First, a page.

Saturday, June 15, 2013

Future Primal - an old/new vision of politics

In Ursula Le Guin’s parabolic novel, ‘The Telling’ an alien society has appropriated and zealously applied a one dimensional view of human culture focused on the technical, the mechanistic and the consumerist. The traditional culture of Aka is repressed and takes upon itself a counter cultural and subversive form in the practice of embodied spiritual practices and in a communal story telling that allows space for wider, deeper vision of things than that of the monologue of materialism.

Louis Herman’s book ‘Future Primal’ has as its subject the loosening of the binds of a similar imprisoning ideological commitment, whose once impressive value is delivering ever decreasing returns, namely that of ‘Classical Liberalism’ and by reinstating in new forms a primal culture that places at its heart a quest for truth and an on-going, enriching conversation about what constitutes the good life against the background of a wider and deeper story of human origin and direction.

Classical Liberalism, built on the foundations of Descartes, Locke and Newton, radically separated truth from any notion that it was grounded in a complex dialogue between subjectivity, our inner life of experience and perspective, and an objective external reality that had its origin in mystery and was evolving, complex and dynamic. What is out there was, for Classical Liberalism, law-like, quantifiable and static, completely malleable to our purposes. These purposes were essentially allowing autonomous individuals, secure in their property rights and the safety of minimalist government, to accumulate and dispense with wealth according to their lights. It is a world view that launched impressive progress (for some) and whose defense of the rights of the individual has meant liberation (for many) from varied forms of oppression. However, as the engine of growth grinds on, it over reaches itself both in fraying and fracturing a sustainable world and in alienating us from community both with one another and with the wild.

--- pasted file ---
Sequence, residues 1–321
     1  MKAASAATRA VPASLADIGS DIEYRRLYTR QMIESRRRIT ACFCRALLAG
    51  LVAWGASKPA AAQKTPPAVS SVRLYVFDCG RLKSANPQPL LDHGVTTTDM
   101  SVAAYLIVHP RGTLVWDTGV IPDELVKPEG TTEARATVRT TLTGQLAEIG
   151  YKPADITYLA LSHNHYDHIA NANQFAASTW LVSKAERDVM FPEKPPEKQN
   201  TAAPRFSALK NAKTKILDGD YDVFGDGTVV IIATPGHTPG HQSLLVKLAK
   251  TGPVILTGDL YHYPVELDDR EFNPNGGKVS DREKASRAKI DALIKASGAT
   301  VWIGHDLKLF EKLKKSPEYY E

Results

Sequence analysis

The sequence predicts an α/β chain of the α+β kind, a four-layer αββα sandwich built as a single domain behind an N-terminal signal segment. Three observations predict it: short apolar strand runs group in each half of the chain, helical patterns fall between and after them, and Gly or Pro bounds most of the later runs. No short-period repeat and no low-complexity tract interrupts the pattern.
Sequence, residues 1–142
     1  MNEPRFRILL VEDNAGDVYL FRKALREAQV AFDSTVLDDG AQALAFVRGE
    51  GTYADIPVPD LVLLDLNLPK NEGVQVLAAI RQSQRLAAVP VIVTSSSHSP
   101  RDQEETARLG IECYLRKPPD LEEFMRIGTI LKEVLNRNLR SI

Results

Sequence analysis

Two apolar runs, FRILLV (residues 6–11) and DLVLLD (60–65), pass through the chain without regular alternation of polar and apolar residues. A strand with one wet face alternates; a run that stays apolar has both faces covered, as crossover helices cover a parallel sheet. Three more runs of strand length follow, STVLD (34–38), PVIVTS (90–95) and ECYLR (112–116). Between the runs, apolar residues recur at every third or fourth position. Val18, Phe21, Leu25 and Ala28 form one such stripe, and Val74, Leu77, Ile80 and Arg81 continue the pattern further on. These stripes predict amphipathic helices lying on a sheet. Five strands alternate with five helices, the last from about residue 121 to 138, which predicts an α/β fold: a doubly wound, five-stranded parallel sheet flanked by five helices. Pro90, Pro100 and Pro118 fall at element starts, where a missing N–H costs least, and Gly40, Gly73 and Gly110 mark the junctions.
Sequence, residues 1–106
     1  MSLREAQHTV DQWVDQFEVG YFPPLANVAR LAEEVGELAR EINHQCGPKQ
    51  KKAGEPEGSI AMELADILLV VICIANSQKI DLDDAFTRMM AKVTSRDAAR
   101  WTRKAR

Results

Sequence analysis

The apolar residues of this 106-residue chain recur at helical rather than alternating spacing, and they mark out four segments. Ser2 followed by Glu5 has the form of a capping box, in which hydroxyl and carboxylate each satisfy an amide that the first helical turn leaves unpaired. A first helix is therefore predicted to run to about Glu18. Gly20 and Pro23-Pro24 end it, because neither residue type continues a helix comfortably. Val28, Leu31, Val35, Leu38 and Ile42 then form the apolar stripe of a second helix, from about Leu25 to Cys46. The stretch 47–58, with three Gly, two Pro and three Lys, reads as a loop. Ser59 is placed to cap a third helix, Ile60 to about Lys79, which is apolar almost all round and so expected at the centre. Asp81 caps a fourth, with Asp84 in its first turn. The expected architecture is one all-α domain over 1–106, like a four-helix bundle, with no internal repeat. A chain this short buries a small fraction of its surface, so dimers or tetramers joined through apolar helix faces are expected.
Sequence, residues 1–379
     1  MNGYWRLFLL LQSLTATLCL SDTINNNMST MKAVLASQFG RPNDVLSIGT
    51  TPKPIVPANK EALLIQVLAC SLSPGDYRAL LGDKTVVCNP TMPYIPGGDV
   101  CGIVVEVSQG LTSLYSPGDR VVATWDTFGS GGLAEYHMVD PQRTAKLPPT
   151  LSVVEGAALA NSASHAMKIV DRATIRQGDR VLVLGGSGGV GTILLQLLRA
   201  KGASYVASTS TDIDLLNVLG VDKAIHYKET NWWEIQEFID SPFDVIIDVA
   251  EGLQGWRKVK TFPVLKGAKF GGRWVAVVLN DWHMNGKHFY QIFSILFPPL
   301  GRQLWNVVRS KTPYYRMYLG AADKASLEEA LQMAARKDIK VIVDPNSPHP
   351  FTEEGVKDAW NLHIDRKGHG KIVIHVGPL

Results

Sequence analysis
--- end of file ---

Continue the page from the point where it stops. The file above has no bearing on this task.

What can be done? 

The first step, Herman cogently argues, is an epistemological one in that we grasp what the political philosopher, Eric Voegelin, called the ‘paradoxical nature of consciousness’. We are all born in a particular place and time, in a particular body and culture and in both our inward and external looking our gaze, though illumined, ultimately fades into what we do not know, into mystery. We are born out of a ‘story telling us into being’, what Voegelin called the ‘It-reality’, which is ultimately the mystery out of which we emerge, into the ‘thing reality’ of objects, institutions and relationships that have been made and shaped by humans. We participate ‘in-between’ both of these and we cannot step out of either to get a whole, clear view that we can grasp hold of with certainty.